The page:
Happy Birthday Hey Angela!
Not trying to promote my business at all.
I just wanted to take a look back at my first year as an entrepreneur and offer some thoughts. Thought I might also be able to get some insight from other entrepreneurs or service-based business owners.
First, the back story: I previously was an executive assistant for a few companies over the last 15 or so years. Then a year ago I got up and went to work at my corporate office and life changed, I was laid off because my bosses were fired and the guy replacing them had an admin and didn’t need me. I thought OK I can do some freelance for a while as a virtual assistant.
I landed a few clients and got busy.
Feels good. Obviously, still a lot of room for growth. But I feel great about the progress that I have made so far, and it feels like I am on the right path.
I’m not a sales person. So, I did what I know. I started sharing my personal brand on various sites. In total, I have had 15 inbound inquiries throughout this first year.
Of those, most were not a fit. I turned away most of them after having initial conversations.
Two I have signed long term contracts with.
Some things I have learned and keys to what I am considering a success so far.
- I want to build a network of full-time professional entrepreneurs to work with on long-term projects. This helps the entrepreneurs by delivering consistent work at a guaranteed rate.
- I have experimented and done some project work and one-off content campaigns. In most cases, though, it’s more trouble than it’s worth. I actually end up losing money a lot of times because the initial startup phase with any new client is time consuming.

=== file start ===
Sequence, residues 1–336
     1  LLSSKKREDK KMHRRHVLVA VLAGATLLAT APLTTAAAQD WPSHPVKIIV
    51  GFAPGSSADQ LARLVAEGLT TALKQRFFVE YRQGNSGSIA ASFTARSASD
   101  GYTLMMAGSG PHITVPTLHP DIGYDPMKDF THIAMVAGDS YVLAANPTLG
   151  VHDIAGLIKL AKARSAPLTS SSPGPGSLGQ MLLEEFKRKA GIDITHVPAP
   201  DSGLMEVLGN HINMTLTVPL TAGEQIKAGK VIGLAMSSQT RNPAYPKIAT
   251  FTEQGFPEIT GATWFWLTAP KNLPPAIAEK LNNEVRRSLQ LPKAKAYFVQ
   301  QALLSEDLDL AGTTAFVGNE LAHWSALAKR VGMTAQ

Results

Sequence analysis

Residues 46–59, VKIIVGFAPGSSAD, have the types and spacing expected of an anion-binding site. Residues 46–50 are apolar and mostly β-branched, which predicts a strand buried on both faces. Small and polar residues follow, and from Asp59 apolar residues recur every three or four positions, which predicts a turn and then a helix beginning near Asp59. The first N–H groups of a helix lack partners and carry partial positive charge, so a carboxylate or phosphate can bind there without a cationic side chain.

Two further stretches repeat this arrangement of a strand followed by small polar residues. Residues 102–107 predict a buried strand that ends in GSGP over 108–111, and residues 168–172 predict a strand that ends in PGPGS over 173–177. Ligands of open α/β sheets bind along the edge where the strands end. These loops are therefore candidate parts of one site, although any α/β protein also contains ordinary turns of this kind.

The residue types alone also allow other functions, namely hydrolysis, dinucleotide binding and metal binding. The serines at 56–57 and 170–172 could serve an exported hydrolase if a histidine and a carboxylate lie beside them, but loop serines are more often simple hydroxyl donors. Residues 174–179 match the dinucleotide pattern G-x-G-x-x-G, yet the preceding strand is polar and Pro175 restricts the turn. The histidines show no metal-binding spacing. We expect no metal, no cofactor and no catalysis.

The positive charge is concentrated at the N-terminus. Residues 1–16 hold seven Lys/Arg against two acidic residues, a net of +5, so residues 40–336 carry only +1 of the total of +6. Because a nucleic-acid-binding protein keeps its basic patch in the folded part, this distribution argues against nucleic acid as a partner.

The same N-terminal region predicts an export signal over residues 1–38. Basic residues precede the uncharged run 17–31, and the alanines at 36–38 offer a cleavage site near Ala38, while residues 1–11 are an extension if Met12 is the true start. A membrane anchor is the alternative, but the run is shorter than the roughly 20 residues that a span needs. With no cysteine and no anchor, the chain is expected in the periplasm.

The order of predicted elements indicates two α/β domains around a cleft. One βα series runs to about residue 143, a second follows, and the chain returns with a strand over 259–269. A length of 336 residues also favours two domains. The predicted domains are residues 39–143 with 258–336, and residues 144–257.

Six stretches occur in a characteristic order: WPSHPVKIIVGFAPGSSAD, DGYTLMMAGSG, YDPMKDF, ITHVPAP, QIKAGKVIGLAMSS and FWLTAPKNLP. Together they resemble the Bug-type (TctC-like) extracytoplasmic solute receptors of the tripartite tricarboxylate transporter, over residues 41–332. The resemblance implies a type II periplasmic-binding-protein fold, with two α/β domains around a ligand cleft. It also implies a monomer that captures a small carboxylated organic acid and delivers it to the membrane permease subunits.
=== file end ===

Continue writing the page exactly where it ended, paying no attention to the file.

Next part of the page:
- Retainers are king, in my opinion.
- There are virtual assistants cheaper than me, but I focus on generating real results for my clients. It has been my experience you get what you pay for.
- All of my clients pay a flat monthly fee for a pre-defined scope of work. I’ve scoped/priced different types of content and built it into a package based on their specific needs/goals/strategy.
- The biggest risk for any service-based business (in my opinion) is having horrible clients. This could be clients that just don’t pay, clients that put you through a gauntlet of reviews/revisions, or clients that just don’t have the same strategic vision for what you’re trying to accomplish together.
- These relationships suck for everyone. They kill morale, cause tons of stress, and usually waste enormous amounts of time/money.
- So, it’s super important to try to identify these red flags as soon as possible in any client engagement and then end the relationship as soon as it becomes apparent that things are not going well.
Obviously, this will never be a billion-dollar company. But I’ve had great results for my clients.
It’s been exciting and fun. Honestly, the best year of my life.
So, I’ll leave it there.
Would love to hear from other people. Ideas, thoughts, questions.